Technology

Mobile phone scam targets polar numbers

Ice in Antarctica
Image caption The thieves use Antarctic numbers because of the high cost of calling

Hi-tech thieves have started using telephone numbers for the Antarctic to wring cash out of victims.

Hidden code to dial the expensive long-distance numbers has been included in a booby-trapped version of a mobile game.

The criminals inserted the code into a pirated version of the 3D Anti-Terrorist game made for Windows mobile phones.

Calls made to numbers in Antarctica typically cost about £4.25 per minute from a mobile.

"Mobile phones are intrinsically linked to a payment plan," said Simeon Coney, spokesman for phone security firm Adaptive Mobile.

Almost everything done on a mobile incurs a charge, he said, which makes the devices very attractive to thieves who want to divert part of that cash flow to their own pockets.

By contrast, he said, cyber thieves can struggle to find ways to generate cash from the scams they run on the internet. Spammers, he said, typically have a vanishingly small conversion rate given the billions of messages they send out.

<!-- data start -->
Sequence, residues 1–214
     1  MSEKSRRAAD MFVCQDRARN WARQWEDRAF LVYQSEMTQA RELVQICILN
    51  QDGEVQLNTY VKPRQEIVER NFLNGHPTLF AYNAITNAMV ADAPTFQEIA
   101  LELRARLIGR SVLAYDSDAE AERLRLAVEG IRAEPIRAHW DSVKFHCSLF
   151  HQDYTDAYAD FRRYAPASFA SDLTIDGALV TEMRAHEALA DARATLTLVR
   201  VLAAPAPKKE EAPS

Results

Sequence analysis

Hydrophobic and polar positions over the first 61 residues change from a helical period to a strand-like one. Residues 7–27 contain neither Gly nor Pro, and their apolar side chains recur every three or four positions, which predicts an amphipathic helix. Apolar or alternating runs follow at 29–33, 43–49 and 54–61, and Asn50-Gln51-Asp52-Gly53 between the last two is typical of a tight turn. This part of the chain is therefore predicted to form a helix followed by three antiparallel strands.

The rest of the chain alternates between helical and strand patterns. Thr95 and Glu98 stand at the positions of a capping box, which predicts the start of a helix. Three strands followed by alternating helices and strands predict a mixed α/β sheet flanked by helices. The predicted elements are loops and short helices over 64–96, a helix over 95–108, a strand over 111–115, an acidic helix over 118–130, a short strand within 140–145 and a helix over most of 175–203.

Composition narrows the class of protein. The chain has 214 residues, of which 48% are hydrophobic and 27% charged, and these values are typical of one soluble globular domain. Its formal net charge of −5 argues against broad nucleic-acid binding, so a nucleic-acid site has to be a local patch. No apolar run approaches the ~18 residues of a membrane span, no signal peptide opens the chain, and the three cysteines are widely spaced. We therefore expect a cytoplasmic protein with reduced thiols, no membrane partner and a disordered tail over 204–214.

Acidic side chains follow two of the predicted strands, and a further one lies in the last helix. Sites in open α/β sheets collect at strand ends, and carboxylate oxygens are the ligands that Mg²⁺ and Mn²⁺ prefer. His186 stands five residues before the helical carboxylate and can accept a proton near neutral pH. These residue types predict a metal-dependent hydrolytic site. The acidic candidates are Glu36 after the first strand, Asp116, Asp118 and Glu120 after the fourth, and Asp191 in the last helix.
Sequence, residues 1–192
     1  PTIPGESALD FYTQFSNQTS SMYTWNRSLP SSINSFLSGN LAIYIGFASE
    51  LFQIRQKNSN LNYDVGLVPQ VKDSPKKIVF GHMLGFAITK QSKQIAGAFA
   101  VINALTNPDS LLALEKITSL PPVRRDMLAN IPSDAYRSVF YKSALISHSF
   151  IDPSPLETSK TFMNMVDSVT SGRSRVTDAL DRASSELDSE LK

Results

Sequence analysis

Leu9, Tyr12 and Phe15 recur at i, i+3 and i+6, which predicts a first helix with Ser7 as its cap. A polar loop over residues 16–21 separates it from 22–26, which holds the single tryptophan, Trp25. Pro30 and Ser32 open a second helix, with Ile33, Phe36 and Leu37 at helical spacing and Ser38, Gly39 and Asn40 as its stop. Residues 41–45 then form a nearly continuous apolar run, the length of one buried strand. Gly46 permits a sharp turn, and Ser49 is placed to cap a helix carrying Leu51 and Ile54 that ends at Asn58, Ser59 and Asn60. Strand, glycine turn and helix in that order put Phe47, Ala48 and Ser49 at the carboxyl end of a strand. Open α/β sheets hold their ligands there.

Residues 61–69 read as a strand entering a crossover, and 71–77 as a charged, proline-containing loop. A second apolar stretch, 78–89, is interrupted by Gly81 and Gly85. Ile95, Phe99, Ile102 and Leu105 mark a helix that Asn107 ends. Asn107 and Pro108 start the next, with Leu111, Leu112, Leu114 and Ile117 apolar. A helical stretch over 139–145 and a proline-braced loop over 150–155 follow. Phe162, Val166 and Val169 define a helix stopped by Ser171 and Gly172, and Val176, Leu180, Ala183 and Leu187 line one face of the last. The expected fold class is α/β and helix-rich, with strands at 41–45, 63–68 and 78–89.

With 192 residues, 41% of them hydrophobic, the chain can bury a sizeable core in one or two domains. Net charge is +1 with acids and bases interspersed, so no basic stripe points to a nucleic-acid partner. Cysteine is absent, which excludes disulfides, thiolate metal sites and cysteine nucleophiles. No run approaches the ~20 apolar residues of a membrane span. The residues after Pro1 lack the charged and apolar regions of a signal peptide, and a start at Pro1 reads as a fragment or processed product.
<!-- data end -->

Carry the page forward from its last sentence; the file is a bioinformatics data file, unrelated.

Research suggests that spammers get 28 responses for every 350 million messages they send.

Premium rate and international numbers were a good target, said Mr Coney, because hitting a small number of victims can quickly generate a lot of cash for cyber thieves.

"As the PC is getting better and better defended then conmen will naturally move towards the area of least defence," said Mr Coney.

Research by Kasperksy Labs suggests that the growth rate for PC viruses and trojans is flattening but mobile threats have seen more than 200% growth in three years.

The booby-trapped game was discovered in April but is still racking up victims as it has been uploaded to many sites offering applications for Windows mobiles.

Embedded in the game is code that makes a phone silently ring numbers in the Antarctic number block which has the prefix +88234. This is despite there being relatively few phones and phone numbers in use in Antarctica.

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